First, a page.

For our temperature testing, we measure the peak GPU core temperature under load, as well as the GPU temperature with the card idling on the desktop. A reading under load comes from running the 3DMark Fire Strike Ultra stress test 20 times. An idle reading comes after leaving the system on the Windows desktop for 30 minutes.
I wasn’t too sure what to expect from AMD’s reference cooler in terms of its temperatures. It’s certainly not as hot-running as Vega 64, and its peak of 77C is below that 80C+ threshold where you start to wish temperatures were a bit lower. For a reference card, with its blower-style fan, temperatures are fine. That said, I do sincerely hope to see a number of good aftermarket cards from AMD’s partners which will significantly reduce core temperatures.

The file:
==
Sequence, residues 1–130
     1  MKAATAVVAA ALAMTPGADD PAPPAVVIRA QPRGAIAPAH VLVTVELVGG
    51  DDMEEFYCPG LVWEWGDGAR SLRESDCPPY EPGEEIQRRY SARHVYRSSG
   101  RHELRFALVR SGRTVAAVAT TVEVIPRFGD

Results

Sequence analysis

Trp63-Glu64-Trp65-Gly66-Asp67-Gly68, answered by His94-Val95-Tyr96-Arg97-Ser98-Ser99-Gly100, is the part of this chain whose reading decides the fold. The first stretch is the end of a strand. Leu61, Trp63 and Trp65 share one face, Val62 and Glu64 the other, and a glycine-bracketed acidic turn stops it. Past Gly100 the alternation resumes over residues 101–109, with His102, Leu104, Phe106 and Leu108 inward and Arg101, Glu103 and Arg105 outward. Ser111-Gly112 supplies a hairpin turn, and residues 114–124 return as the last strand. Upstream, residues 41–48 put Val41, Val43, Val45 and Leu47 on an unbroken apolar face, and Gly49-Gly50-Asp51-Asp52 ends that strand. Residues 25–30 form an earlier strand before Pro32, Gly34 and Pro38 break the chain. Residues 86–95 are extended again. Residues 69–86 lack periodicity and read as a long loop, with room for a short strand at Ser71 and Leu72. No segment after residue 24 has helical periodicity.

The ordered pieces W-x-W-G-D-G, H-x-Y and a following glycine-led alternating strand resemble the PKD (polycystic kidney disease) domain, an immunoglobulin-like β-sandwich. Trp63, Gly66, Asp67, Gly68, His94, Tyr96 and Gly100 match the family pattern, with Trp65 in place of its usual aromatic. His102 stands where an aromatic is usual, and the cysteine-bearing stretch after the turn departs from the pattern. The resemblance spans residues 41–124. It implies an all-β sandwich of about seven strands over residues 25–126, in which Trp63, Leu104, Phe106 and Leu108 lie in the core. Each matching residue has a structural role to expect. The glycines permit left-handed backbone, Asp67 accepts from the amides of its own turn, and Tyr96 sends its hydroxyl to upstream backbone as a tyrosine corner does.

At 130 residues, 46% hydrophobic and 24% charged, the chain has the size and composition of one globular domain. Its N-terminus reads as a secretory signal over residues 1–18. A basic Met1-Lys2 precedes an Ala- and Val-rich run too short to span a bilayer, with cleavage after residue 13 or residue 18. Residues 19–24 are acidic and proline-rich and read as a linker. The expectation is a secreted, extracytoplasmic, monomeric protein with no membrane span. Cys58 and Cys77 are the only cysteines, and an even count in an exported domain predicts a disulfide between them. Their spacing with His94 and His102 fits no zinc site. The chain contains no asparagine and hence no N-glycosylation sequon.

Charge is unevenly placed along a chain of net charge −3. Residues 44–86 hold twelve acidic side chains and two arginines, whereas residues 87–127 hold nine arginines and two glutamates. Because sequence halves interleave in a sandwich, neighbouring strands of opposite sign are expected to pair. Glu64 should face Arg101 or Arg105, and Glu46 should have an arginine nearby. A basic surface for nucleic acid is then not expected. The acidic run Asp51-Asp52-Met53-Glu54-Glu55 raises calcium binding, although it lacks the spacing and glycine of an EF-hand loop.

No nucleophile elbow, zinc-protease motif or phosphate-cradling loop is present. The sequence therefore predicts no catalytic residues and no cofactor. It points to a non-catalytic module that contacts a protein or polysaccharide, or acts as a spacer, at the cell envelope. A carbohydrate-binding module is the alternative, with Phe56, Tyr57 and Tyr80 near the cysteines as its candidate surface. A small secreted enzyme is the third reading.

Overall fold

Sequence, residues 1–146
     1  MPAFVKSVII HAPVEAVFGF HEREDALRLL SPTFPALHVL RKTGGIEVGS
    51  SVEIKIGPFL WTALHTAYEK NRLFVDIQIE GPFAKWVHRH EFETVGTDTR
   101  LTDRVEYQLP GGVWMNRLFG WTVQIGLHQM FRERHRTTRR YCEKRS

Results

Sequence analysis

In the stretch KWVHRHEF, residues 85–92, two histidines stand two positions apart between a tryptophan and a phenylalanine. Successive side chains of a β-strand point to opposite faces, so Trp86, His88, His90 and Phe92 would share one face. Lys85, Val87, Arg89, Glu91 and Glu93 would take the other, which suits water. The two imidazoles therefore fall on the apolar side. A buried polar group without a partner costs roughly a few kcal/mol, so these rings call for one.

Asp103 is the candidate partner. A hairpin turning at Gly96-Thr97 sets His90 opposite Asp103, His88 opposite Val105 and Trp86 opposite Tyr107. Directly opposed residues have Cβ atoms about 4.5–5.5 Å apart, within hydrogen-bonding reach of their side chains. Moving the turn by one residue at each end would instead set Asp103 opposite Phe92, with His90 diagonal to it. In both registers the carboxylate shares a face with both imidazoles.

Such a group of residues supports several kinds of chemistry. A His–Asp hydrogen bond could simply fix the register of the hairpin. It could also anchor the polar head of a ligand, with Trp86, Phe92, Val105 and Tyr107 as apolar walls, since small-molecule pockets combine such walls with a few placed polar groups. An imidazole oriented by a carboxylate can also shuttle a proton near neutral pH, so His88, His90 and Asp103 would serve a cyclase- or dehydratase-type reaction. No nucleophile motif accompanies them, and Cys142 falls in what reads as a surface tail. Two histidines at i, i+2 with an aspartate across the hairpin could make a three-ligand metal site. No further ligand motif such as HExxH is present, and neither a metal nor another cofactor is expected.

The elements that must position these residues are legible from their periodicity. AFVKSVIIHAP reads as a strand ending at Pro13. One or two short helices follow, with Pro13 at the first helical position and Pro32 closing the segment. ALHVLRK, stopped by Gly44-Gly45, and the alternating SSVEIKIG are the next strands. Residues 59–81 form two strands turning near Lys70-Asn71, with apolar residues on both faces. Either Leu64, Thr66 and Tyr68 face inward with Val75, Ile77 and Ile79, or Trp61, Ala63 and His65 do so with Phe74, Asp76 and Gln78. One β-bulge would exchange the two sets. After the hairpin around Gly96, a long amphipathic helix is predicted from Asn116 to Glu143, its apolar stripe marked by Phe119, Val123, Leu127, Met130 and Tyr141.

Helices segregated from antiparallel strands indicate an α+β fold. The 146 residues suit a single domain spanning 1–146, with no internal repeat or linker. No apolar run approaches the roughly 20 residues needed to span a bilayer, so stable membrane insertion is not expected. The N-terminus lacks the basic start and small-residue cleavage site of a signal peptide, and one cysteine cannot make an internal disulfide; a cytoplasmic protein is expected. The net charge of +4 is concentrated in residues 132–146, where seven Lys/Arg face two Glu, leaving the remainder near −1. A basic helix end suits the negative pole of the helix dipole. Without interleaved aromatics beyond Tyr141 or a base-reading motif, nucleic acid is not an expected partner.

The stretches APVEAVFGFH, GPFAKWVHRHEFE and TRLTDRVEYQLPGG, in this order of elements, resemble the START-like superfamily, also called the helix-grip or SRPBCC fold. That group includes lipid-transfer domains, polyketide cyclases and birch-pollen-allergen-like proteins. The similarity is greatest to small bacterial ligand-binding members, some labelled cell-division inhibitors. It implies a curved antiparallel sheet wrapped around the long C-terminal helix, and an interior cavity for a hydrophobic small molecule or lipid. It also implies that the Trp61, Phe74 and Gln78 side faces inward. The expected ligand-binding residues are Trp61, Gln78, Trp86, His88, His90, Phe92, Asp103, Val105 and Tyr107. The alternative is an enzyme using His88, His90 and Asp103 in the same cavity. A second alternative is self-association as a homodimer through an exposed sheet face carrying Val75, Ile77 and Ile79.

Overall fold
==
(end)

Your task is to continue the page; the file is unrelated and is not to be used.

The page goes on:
The thermal gun doesn’t show any dangerously high temperature hot spots on the card’s shroud, but there is a sizeable concentration of heat around the GPU core. We saw a peak temperature of 71.6C here, so that is still nothing to worry about, but a backplate would have helped spread this heat out more effectively.